Make your own free website on
Moorabbin Hebrew Congregation
Weekly Musings January 2005

Friday, January 6 2005

I said a go down Moses

Go right down to Egypt land

And tell that Pharaoh

To let my people go

(old Negro spiritual)


Free Choice vs. Predestination

Four hundred years before the Jews left Egypt, Hashem foretold to Avraham his descendant's enslavement and eventual emancipation (Lech Lecha 15:13). This prophecy pre-supposes that the Egyptians were fated to do evil, pre-programmed by G-d, as it were, to enslave the Jews and fulfil their destiny. If so, if our gaolers were just pawns in some cosmic masterplan, how can we demand and celebrate their punishment?

The traditional theological response to this is to make a distinction between the effect and the cause. The Jews, as a nation, were fated to be tormented by the Egyptians, as a nation. Evil, however, is the sum total of malicious actions effected by a number of individual sinners. Any one Egyptian could have opted out of his countrymen's actions and remained guilt-free and blameless. When we demand retribution for the actions of each individual sinner it is in recognition that each one of them exercised free will and wrongly elected to sin.


Did Pharaoh however have free choice in the decision to maltreat the Jews? The justification that G-d's bidding would have been accomplished with or without the participation of any individual Egyptian would seemingly not answer in Pharaoh's case. Were the leader of the nation to refuse to participate, surely the slavery would have been averted entirely. If so, considering that Hashem had foretold the mistreatment of the Jews, Pharaoh would have had no conscious choice but was predestined to direct the program of ethnic discrimination.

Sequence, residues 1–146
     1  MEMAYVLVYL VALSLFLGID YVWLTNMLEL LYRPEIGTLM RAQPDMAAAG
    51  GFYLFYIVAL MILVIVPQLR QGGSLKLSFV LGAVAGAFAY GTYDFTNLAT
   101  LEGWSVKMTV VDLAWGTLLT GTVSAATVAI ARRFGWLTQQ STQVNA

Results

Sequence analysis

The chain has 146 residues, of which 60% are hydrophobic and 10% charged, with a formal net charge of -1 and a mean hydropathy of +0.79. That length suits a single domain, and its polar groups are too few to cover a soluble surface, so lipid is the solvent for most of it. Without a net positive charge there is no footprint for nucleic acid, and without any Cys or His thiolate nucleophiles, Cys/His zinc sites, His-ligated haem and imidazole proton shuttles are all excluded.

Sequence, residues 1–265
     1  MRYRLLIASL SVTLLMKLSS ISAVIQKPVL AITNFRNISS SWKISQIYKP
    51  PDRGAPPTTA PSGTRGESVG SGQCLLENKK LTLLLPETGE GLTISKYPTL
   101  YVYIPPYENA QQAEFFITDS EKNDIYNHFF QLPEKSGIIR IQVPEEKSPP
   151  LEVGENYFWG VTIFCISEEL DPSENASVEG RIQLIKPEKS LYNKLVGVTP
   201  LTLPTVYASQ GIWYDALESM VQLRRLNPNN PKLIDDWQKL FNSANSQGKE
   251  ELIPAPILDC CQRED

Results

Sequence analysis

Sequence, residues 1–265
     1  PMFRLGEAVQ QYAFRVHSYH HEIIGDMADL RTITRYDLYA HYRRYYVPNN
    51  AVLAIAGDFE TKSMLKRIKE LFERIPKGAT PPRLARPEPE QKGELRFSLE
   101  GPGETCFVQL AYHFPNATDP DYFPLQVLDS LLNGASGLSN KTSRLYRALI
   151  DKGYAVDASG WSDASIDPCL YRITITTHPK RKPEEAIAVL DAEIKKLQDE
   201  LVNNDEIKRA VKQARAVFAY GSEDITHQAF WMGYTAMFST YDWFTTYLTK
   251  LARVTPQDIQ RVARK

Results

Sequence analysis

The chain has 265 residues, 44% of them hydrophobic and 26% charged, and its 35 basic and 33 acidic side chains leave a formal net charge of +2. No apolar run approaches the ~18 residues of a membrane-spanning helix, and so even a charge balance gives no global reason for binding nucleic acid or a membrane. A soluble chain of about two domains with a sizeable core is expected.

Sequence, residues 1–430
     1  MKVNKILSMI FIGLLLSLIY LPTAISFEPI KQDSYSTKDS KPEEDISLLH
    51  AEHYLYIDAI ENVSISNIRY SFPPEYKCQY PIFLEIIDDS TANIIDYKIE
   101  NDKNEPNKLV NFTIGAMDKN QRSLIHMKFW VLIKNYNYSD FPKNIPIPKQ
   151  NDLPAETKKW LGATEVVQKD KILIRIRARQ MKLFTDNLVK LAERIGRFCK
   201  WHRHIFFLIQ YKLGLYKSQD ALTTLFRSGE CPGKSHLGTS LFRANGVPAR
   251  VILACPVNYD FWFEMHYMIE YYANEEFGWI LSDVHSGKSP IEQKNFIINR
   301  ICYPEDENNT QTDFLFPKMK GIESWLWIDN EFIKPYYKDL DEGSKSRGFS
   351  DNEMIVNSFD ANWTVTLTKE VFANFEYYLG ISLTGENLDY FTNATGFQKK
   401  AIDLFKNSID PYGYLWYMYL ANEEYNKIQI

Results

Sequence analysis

Even more remarkably, on a number of occasions in this week's Torah reading Moshe is notified by Hashem that though he was to visit Pharaoh and threaten or initiate yet another plague this would have no immediate affect and Pharaoh would persist in his obstinacy. Does it not logically follow then that it was unfair to punish Pharaoh for refusing to heed the Divine command, as his refusal was pre-ordained by G-d?


The Nature of G-d, the choices of man

In the times of the prophets, were someone to claim the gift of prophecy, he would be forced to undergo certain tests before his messages were accepted as authentic. To convince us he was a genuine messenger from G-d we would demand that he foretell several events in the near future with 100% accuracy. Making a mistake in even the slightest of details would demonstrate him to be a false prophet and thus deserving of the death penalty.

If however his prophecy had consisted of gloomy prognostications about the future and these failed to materialise, this would not render him automatically suspect. The nature of G-d is kind, merciful and always ready to extend another chance. Many prophets have been sent to deliver tidings of forthcoming doom in the hope that the receipt of such, will awaken us to return to Him. In other words, promises by Hashem of future goodness and kindness are guaranteed to eventuate, negative news - not necessarily.

When Hashem foretold future pain and suffering for His nation these could theoretically have been pre-empted at His command. The fact that for whatever reason Hashem chose not to save us is between ourselves and Him. The Egyptians, by contrast, as with every evil empire and ill doer throughout history, choose to practice misery and destruction, they exercise free will in their wantonness and deserve Divine retribution.

Enter content here